Sec. 199A

  • Limit the Sec. 199A qualified business income deduction (20% of pass-through income) to a maximum of $500,000 MFJ, $400,000 single and $250,000 MFS

Excess business loss (EBL) limitation

  • Make the EBL limitation permanent, limiting the ability to deduct net business losses to an annual maximum of $500,00 MFJ, $400,000 single and $250,000 MFS, adjusted for inflation
  • Rather than the disallowed EBL being treated as a net operating loss carryover to the following year, this provision would instead treat the excess as a business loss in the following, where it would again be subject to the EBL limitation

Sec. 163(j)

  • Modify the business interest deduction limitation rules so that they are applied at the pass-through owner level (S corporation shareholder and partner) rather than at the entity level
  • Modify the carryover of disallowed business interest expense in excess of the limitation so that it can be carried forward a maximum of five tax years, with carryovers being utilized on a first-in, first-out basis

Carried interests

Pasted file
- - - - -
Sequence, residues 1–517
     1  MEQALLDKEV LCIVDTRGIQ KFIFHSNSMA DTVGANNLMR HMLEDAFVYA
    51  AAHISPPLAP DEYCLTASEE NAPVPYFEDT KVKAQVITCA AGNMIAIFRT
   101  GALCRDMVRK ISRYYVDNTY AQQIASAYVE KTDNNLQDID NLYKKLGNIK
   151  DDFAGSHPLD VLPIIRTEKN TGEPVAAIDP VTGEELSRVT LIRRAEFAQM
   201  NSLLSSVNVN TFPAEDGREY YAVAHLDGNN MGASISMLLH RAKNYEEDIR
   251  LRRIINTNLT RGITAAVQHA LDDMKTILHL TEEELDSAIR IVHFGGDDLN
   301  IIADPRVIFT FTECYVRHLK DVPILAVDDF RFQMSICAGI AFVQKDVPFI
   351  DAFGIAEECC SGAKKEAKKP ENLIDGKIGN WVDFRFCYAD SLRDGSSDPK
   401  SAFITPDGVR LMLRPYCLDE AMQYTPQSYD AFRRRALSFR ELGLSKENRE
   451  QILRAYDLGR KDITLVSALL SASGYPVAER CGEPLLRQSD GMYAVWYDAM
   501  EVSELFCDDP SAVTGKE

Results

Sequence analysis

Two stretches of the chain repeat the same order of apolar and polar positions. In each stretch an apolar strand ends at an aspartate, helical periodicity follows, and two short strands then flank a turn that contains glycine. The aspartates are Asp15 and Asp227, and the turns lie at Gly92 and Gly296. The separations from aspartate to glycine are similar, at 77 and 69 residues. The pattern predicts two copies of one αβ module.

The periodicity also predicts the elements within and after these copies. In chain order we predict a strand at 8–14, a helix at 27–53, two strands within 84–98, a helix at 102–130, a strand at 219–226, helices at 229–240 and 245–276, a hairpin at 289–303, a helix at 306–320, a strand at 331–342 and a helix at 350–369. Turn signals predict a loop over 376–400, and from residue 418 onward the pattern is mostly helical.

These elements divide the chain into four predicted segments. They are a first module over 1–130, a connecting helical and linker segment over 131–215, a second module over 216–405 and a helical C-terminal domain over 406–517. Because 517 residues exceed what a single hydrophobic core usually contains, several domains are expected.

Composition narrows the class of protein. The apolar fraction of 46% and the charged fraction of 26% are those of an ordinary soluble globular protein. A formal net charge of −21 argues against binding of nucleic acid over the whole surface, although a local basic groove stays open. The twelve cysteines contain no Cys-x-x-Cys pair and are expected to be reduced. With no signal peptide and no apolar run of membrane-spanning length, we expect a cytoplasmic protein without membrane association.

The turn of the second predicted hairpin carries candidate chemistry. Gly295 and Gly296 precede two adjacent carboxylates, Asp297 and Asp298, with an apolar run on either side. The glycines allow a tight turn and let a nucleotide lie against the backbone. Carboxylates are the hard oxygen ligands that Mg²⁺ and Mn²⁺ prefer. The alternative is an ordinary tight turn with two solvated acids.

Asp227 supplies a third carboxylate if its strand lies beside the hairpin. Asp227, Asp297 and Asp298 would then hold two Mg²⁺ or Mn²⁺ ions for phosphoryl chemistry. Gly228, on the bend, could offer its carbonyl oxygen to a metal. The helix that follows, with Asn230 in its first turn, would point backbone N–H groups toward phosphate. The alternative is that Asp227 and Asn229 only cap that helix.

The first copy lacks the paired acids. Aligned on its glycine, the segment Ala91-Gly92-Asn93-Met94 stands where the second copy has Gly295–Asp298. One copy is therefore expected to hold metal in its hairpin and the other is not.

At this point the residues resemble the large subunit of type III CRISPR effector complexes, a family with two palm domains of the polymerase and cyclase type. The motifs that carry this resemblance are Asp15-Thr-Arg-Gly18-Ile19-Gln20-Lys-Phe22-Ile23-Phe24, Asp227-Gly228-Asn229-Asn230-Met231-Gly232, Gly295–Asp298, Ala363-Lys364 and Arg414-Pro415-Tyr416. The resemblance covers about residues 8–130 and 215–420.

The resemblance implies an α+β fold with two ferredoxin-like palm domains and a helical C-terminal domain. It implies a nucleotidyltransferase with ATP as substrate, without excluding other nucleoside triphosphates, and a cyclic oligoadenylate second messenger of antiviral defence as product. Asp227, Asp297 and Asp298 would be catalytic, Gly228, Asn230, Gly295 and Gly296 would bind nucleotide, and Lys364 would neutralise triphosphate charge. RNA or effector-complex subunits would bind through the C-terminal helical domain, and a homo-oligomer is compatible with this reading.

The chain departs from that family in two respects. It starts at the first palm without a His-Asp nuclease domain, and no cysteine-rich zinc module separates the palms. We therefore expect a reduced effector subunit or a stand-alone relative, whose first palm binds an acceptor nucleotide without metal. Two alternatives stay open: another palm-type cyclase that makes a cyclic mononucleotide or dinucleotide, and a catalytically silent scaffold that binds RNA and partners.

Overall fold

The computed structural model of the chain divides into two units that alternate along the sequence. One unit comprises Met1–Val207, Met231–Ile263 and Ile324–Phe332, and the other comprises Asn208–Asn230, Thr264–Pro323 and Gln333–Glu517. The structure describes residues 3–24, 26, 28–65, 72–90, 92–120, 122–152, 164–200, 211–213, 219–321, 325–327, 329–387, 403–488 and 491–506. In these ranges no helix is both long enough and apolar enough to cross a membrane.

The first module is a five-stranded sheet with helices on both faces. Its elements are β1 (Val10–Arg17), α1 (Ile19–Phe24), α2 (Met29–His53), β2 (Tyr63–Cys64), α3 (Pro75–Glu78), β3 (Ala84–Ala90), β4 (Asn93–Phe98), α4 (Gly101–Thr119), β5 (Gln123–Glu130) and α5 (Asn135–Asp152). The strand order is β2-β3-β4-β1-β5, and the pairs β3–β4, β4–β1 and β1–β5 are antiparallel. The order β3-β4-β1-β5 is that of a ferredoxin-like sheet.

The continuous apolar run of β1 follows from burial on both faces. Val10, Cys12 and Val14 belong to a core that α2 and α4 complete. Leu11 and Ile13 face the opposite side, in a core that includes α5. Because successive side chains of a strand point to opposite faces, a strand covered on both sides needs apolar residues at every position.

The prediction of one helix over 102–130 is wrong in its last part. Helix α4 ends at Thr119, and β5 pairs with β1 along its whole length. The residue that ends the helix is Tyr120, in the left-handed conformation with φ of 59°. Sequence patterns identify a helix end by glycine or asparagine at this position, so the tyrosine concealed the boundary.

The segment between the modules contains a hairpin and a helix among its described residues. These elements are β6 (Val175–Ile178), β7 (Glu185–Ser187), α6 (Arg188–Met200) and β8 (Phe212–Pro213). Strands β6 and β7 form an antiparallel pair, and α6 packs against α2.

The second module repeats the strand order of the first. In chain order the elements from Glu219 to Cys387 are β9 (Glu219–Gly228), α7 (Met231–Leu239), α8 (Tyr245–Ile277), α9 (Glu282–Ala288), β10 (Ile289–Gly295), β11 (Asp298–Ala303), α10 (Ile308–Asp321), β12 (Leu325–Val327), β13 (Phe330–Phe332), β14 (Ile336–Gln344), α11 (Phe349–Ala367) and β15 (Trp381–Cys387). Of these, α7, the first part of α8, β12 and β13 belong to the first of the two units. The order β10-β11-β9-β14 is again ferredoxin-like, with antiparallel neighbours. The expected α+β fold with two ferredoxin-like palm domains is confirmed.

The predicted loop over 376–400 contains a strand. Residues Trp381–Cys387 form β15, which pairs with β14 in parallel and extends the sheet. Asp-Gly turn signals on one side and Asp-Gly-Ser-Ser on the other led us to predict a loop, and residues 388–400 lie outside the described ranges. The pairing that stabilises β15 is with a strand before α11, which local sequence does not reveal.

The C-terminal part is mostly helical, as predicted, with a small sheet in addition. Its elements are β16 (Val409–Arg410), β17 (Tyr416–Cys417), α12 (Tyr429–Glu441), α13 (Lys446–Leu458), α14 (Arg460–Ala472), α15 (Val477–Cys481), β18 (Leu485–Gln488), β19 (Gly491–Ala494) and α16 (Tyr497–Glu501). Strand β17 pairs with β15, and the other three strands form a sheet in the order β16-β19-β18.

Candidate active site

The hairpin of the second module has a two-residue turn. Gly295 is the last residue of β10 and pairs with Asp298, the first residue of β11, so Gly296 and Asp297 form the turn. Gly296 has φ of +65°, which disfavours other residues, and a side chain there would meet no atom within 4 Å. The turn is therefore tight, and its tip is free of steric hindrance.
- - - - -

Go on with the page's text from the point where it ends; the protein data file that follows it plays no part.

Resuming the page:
Partnership interests issued for services currently require a holding period of three years (rather than the normal one-plus year holding period) in order to obtain favorable long-term capital gain treatment of capital gains attributable to such interests (e.g., from the sale of either the partnership interest or the partnership’s sale of partnership assets)

  • This provision would extend the application of the carried interest rules to include any asset eligible for long-term capital gain treatment — including business and real estate assets taxed under the Sec. 1231 rules
    • This would eliminate a substantial exception that previously existed for the real estate industry
    • Applicable regardless of taxpayer’s income level
  • This provision would also extend the holding period required for a service partner holding a carried interest to qualify for long-term capital gain treatment from three years to five years
    • This extended holding period would not be applicable to interests in real property trades or businesses
    • Applicable to taxpayers with AGI of $400,000 or more

Qualified Small Business Stock